*As I’ve admitted, I do yell too much.  So I’ve been doing some digging…  I have decided to take the Orange Rhino challenge and work towards a more peaceful approach.  Recently, at a Mums’ group, I admitted that I’d never allow Westley to speak to me the way I sometimes speak to my kids; so the logical conclusion to that is that I should not be speaking to my kids in a way that isn’t equally respectful and honouring to them.

If you’re struggling with the same thing, why don’t you join me on the challenge, and we can keep one another accountable?

I’m starting with a ten day goal, to be extended as I get better at it!

Thanks for reading,


Faith, Grace, Motherhood, Parenting


“The present is the only time in which any duty can be done or any grace received.”

-CS Lewis, in The Weight of Glory

It had been one of those days.  Or weeks. Or months.  In fact, for as long as I could remember, A.’s behaviour had been driving me up the wall.  He was seven (nearly eight), and it seemed that for most of his life I had been battling his attention-seeking naughtiness, lip-jutting defiance, and mercurial mood-swings – add to that the nail-biting, thumb-sucking, and eye-rolling nervous habits that were slowly becoming more and more worrying, and  I was at my wit’s end.  Finally the end of the day had come, and with it the blessed relief of some kid-free time (much of which, it must be admitted, I would spend searching out ways of dealing with the aforementioned issues).

I flicked on the TV for some background noise as I pulled my laptop onto my knees and began to catch up on emails.  There was some sort of musical show on that I hadn’t seen before (in retrospect, it might have been ‘Glee’), and in it, a couple of teenagers were falling in love.  Such sweet, enthralled innocence as they declared their fledgling love.  Their enchantment with one another caught my eye, and I abandoned my online tasks as I watched the scene play out.

The young girl rested her hand on her new beau’s shoulder and gazed up into his smiling face; and I suddenly imagined this scene playing out in my own eldest son’s life as he fell in love for the first time. I was stricken with a thought: What if this was the first time he has EVER really felt loved and accepted UNCONDITIONALLY??!   It was with gut-wrenching clarity that I realized that my love for my son had hitherto been expressed with so many conditions as to hobble his very sense of worth.

This was a child I had loved from before he came into existence; one I had wanted, and prayed for and delighted in; one I would give my very life for.  Of course I loved my son unconditionally. This was the child who, when given a special snack at preschool, would insist on a portion of his helping being bundled up to take home to his little brother.  The child who deferred to the wants and needs of almost everyone else before expressing his own preference for anything.  The child who approached others with open arms and ready hugs, even before he had been properly introduced.  And yet this child of mine, who loved and forgave transgressions in others so readily and so completely, was suffering because I was not demonstrating that love and forgiveness to him.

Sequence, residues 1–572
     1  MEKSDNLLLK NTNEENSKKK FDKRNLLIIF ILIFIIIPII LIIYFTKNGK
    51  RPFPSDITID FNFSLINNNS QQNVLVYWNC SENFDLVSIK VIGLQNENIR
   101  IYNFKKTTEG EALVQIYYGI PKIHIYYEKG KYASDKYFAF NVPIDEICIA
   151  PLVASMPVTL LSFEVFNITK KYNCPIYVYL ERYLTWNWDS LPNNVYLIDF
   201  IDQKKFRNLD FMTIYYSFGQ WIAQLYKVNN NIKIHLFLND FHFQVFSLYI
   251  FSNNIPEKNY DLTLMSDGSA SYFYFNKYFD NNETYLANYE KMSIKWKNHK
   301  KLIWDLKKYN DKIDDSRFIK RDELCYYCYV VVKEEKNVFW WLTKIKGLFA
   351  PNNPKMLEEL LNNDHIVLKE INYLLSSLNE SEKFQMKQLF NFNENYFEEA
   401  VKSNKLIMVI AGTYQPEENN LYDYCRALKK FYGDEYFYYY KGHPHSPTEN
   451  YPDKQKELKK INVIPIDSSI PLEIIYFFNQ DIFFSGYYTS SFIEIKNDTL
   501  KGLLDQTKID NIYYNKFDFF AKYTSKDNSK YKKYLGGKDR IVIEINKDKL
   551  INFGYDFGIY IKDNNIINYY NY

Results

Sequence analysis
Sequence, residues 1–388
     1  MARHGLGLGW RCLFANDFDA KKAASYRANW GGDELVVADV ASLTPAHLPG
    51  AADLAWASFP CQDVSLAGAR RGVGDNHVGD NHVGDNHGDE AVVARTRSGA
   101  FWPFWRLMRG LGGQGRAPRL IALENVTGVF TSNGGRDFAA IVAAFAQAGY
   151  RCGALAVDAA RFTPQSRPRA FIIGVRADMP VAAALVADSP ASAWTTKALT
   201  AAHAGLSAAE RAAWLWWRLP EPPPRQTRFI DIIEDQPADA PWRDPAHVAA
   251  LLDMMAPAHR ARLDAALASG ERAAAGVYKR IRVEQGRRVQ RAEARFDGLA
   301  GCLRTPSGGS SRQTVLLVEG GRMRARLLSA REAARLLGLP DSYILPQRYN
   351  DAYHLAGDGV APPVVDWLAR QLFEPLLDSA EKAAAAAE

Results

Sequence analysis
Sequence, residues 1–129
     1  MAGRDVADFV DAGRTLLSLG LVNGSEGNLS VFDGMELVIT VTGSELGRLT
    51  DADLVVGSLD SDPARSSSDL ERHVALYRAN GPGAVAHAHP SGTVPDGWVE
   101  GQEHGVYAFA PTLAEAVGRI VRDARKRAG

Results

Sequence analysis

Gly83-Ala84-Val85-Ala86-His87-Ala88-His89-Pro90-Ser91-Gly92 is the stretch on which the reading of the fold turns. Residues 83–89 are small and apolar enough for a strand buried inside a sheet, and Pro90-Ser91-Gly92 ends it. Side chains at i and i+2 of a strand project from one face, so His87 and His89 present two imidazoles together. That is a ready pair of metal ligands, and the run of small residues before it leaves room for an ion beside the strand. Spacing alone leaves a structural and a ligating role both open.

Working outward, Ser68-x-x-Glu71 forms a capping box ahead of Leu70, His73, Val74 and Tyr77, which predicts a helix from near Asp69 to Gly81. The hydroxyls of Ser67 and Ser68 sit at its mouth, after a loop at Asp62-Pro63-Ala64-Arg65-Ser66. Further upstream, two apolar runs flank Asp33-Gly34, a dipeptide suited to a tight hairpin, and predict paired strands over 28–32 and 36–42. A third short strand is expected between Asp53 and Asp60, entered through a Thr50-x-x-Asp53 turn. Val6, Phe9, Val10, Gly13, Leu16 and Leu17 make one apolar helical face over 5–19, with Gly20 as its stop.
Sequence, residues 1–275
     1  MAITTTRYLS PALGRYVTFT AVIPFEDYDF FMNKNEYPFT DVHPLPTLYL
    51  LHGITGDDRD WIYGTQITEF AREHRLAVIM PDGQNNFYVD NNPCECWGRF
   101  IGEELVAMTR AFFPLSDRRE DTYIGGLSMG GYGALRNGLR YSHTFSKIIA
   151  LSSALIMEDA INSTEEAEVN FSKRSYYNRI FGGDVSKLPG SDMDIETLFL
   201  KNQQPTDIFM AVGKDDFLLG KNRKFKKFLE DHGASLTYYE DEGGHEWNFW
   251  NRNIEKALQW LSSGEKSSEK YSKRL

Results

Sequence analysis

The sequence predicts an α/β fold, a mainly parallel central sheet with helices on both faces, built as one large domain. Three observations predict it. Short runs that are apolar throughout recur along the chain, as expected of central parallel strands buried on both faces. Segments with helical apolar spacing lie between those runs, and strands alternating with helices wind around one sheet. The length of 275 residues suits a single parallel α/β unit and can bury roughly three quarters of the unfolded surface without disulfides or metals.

I was spending so much time and energy trying to change what I saw as A.’s problematic behaviour that he could have been excused for imagining that I was oblivious to all the things he was doing right.  I was so focused on the negative that, in fact, I was becoming blind to the positive.

I made a decision right then – one I have returned to again and again (because I, too, am a work in progress) – that I was going to have to change my perspective.

I had to start focusing on what A. was doing well.  I needed to let A. know that I loved and accepted him unconditionally; he didn’t need to wait until he was perfect.  He didn’t need to worry about messing up, because there would always be forgiveness.  He didn’t need to worry about me missing all the good stuff by nit-picking over the little flaws I saw, because I was going to start pointing out how wonderful he was.  And I was going to try to stop seeing some of those flaws, too.  Because when we love each other, we need to be blind to some of one another’s failings.  We have to be prepared to extend grace.  I kind of already knew this, as a recipient of Grace, as a Christian – I knew that God never waited for me to be worthy to extend His love and mercy to me – and yet somehow I was unwittingly withholding that grace from one I hold dearer than life itself.

I didn’t make that decision because I wanted to see change in my son.  I made that decision because I needed to see a change in me.  But grace is grace – and grace changes everything.

My little boy has blossomed.  Yes, he still has some nervous habits and he still struggles with his feelings and he still makes bad choices sometimes.  He still conducts experiments that result in destruction and he still blows up with frustration when he gets overwhelmed and he still sometimes acts defiant… But he knows that he is loved.  He is so quick to apologize when he messes up, and he’s so sincere about that apology.  He is such a loving and cuddly kid, even at age nine when some of his friends won’t even hug their Mums in public.  I delight in him, and he knows it.  Sure, I sometimes yell – we laugh about it, because he knows that I’m a work in progress, too – and then he forgives me.  So now I don’t worry that he is thirsting for love and acceptance.

I’ve chosen grace, and grace changes everything.